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Ford Everest 2016 review: long term

EXPERT RATING
7
The last time CarsGuide road-tested a new Ford Everest, it went up in flames in spectacular fashion.

The last time CarsGuide road-tested a new Ford Everest, it went up in flames in spectacular fashion.

Colleague Peter Barnwell escaped unharmed and Ford, after inspecting the charred remains, traced the problem to a missing battery cable after the battery was replaced before being shipped from Thailand.

Even before this "one-off” incident, we were keen to get acquainted with this revived segment of the market.

Amid the popularity of "faux-wheel-drives” and "soft-roaders”, heavy-duty 4WD wagons with seven-seats have made a bit of a comeback.

The reason? They're relatively cheap because they're largely based on ute underpinnings (the Ford Everest is the same as the Ranger ute from the front doors forward).

And some buyers want to really get off the beaten track and live the dream, rather than just keeping dreaming about the big getaway.

We wanted to spend some time with the new Everest given Ford had boldly priced it $15,000 more than the Holden Colorado7, Isuzu MU-X and Toyota Fortuner. Is it worth the extra money?

The range starts at $54,990 for the Everest Ambiente but that's a bare bones proposition; we have the most popular variant, the $60,990 Everest Trend.

There's no doubt it drives better than its direct body-on-ute-frame rivals but it's not as planted as, say, a car-derived Ford Territory.

We also noticed it takes a few seconds for the transmission to warm up. Several times after starting the engine from cold on a slight incline, the Everest will unexpectedly roll back rather than engage in gear -- even though ‘Drive' in the six-speed auto has been selected.

I'm now accustomed to waiting five seconds before selecting ‘Drive', something that's not necessary in the 250 or so other cars we drive each year.

First impressions are good, though. And I'm starting to notice the subtle changes between the Everest and the Ranger. Aside from the Everest's more sophisticated rear suspension and brake set-up, audio boffins might appreciate the better sound system.

We're also looking forward to sampling its towing abilities. Until next time...

Part 2: 18/3/16 

Our Ford Everest is holding up well on our long term loan.

At first it felt cumbersome to drive, like a heavy-duty four-wheel-drive, because it is an old-school body-on-frame design. But the more time we spend with it, the more if feels car-like to drive.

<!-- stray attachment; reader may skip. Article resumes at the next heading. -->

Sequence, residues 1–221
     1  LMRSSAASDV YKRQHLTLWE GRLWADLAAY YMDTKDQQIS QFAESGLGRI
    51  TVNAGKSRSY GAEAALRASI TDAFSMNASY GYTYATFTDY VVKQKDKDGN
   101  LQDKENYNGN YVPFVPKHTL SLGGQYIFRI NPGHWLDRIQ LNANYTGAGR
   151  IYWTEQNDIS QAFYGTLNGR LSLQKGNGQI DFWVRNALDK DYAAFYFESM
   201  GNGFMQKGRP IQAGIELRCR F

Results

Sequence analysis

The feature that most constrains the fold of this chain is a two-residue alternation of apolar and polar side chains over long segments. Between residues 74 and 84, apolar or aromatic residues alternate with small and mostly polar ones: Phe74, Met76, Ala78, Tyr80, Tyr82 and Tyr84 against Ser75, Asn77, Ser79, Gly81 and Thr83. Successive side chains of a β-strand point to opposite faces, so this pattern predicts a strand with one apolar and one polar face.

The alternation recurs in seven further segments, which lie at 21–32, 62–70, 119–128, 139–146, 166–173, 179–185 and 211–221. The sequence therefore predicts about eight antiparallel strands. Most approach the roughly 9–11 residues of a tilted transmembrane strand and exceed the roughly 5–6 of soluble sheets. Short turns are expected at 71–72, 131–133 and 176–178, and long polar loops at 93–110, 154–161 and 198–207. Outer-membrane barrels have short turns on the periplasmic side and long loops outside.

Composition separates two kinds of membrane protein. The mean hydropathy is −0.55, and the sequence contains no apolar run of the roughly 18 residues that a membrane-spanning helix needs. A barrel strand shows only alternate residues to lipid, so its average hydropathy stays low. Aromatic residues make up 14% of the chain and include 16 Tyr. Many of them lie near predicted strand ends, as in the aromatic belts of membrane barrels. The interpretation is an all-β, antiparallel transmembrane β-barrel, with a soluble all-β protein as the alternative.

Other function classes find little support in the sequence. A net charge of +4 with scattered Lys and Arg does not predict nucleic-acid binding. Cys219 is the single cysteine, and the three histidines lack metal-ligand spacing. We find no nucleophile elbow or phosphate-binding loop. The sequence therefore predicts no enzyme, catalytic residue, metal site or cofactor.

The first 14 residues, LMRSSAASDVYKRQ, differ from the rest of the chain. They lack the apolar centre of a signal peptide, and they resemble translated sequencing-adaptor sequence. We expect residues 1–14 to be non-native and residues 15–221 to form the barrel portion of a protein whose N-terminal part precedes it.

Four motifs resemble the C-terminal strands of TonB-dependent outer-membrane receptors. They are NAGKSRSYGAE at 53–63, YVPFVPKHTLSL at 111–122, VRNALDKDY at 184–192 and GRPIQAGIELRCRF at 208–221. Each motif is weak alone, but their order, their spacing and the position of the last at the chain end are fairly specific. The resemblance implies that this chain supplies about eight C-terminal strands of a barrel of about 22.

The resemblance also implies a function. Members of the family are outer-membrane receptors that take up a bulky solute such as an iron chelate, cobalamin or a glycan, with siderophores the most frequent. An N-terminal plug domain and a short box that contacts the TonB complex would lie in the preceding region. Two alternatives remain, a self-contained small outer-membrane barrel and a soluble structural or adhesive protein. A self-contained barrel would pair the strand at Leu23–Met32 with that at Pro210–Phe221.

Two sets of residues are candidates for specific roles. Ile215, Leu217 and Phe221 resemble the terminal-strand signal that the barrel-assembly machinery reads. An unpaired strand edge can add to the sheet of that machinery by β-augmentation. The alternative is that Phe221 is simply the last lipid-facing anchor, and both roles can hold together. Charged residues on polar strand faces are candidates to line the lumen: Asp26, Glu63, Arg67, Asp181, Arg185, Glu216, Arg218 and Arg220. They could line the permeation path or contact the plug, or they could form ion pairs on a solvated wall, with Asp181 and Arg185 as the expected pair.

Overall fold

That's a well-worn cliche and the Everest certainly does not handle like a Toyota Corolla or a Mazda MX-5. That said, we've become accustomed to the size and mass.

The tight turning circle (for this type of vehicle) and light steering make city and suburban driving a little easier. The rear-view camera's guiding lines turn with the steering.

The large off-road tyres and heavy duty suspension have a cushioning effect on speed bumps that dot my suburb.

The 3.2-litre turbo diesel engineaverages a respectable 11.0L/100km with mostly freeway driving and some stop-start city traffic at the beginning and the end of each day.

Meanwhile, Ford got back to us regarding our complaint that the automatic transmission takes a while to wake up after the car has been started.

Ford says this can occur when the car has been sitting for a few days because "oil drains out of the automatic transmission converter over time" and this will "take an additional few seconds to build up oil pressure to drive again".

When parked overnight, all automatics "suffer to some extent a draining of oil from the torque converter into the sump (called 'drainback')". It seems the problem is exacerbated when parked on an incline, as it was in our instance.

On the one hand we're glad that is normal, on the other hand it's worth pointing out it doesn't happen on other cars I park in the same spot for the same period of time.

Verdict

Does it bother me that it takes a while for it to wake up? Not really. It just means it takes the Everest a few seconds to gather its thoughts before the next adventure. Into city traffic.

Is the Everest a stand out SUV among its rivals? Tell us what you think in the comments below.

Click here to see more 2016 Ford Everest Trend pricing and spec info

Pricing guides

$38,994
Based on 101 cars listed for sale in the last 6 months
Lowest Price
$29,990
Highest Price
$49,940

Range and Specs

VehicleSpecsPrice*
Ambiente 3.2L, Diesel, 6 SP AUTO $30,800 – 40,370 2016 Ford Everest 2016 Ambiente Pricing and Specs
Titanium 3.2L, Diesel, 6 SP AUTO $40,000 – 51,150 2016 Ford Everest 2016 Titanium Pricing and Specs
Trend 3.2L, Diesel, 6 SP AUTO $32,600 – 42,680 2016 Ford Everest 2016 Trend Pricing and Specs
Trend (rwd) 3.2L, Diesel, 6 SP AUTO $29,900 – 39,160 2016 Ford Everest 2016 Trend (rwd) Pricing and Specs
EXPERT RATING
7